Gardai spend time chasing down their own vehicles instead of chasing criminals - Limerick TD

Donal O'Regan

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Donal O'Regan

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donal.oregan@limerickleader.ie

Gardai spend time chasing down their own vehicles instead of chasing criminals - Limerick TD

Deputy Niall Collins

GARDAI in the Bruff district are losing up to an hour a day organising transport due to a lack of vehicles, claims a Limerick TD.

Deputy Niall Collins said gardai are spending valuable time chasing down their own vehicles instead of chasing down criminals. He tabled a Dail question to the Minister for Justice Charlie Flanagan to find out the number, age and condition of the fleet in the Limerick division. Minister Flanagan confirmed Bruff has six cars and two vans.

“I have learned that Bruff as the district headquarters has two cars and one van. Pallasgreen, Cappamore, Murroe and Oola share a car and van between them. Kilmallock, Hospital, Bruree and Ballylanders are sharing a car and also have to use the Bruff van. 

“In reality what it means for the outside stations is a chunk of time is taken up just going collecting cars. If the Ballylanders guard starts work in Ballylanders he has to get to Kilmallock to collect a car or van. This means he’s relying on a lift from guards on duty who might be due to finish up and are handing over the car,” said Deputy Collins.

It is the same story in east Limerick. 

“A garda in Murroe, for example, could come into work and the car could be in Pallasgreen so they have to get to there before they can do anything and at the end of the shift cars have to be dropped back to stations or left in different stations so incoming guards have them.

“In effect, it is probably 30 minutes to an hour out of their day just figuring out transport,” said Deputy Collins, who gives an example of a person in Murroe reporting a crime.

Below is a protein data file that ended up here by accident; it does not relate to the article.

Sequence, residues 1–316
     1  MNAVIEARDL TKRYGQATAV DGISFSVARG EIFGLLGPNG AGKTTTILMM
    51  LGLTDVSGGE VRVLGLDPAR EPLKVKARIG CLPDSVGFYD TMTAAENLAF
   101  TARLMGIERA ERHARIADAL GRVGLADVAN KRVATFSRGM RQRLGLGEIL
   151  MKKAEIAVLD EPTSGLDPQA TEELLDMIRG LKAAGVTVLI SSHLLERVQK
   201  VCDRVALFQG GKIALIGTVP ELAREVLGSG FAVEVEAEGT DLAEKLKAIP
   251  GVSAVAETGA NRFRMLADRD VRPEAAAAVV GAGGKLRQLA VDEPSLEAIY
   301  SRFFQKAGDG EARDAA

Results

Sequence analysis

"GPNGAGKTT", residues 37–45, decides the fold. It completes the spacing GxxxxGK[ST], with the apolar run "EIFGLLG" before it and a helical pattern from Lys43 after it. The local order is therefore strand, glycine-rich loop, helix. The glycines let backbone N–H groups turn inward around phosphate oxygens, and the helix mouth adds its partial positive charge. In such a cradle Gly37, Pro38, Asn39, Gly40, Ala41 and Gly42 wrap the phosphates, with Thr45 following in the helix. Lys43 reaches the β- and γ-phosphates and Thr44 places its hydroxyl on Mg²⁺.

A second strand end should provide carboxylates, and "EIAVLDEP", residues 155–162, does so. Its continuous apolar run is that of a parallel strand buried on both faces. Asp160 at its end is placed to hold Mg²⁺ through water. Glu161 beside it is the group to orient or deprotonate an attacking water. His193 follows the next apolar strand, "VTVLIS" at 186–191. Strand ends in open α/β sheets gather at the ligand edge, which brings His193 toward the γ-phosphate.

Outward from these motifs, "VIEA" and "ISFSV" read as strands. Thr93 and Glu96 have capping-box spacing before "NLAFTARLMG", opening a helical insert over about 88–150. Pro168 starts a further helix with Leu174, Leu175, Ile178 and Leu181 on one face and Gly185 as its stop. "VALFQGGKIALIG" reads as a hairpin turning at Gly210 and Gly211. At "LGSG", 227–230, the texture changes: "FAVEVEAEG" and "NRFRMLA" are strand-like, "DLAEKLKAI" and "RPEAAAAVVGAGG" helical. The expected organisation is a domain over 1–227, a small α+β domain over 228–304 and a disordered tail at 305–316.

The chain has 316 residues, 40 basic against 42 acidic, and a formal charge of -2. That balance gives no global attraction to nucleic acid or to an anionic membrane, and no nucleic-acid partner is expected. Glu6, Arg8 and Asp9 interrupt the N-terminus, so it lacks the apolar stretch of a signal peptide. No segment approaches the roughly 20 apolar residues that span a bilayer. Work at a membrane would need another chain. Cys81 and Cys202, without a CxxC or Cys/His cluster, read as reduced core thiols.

“If there are guards due to start work in Murroe or are already after starting there but don’t have a car, they could have to get to Pallasgreen to get the car before driving back to the call in Murroe,” said Deputy Collins, who added that if gardai used their own vehicles and there was an accident they might not be covered.

The TD said the major heroin seizure in Kilmallock shows the quality of gardai in the Bruff district.

“People will be shocked to learn that the Bruff district is being policed by only four garda cars. Given the vast geographical size of this rural district only having four cars to provide a high-profile visible presence with the ability to act and react in a timely manner is very questionable.

“One of the main criticisms I receive is response times, clearly the lack of enough and adequate transport is a huge issue and must be addressed immediately,” said Deputy Collins.

The entire Limerick Garda Division has 62 cars, 16 vans, three motorcycles, one 4X4 and two “others” which could be SUV, minibus or prisoner vehicles. Henry Street has 39 cars, 10 vans and three motorcycles. Roxboro Road – seven cars, two vans, two “others”.  Newcastle West – 12 cars and two vans. Of this total of 84, three are less than one year old; 10 are between one and two years old, 23 are between two and four years old, 30 are between four and six years old and the remaining 18 are more than six years old.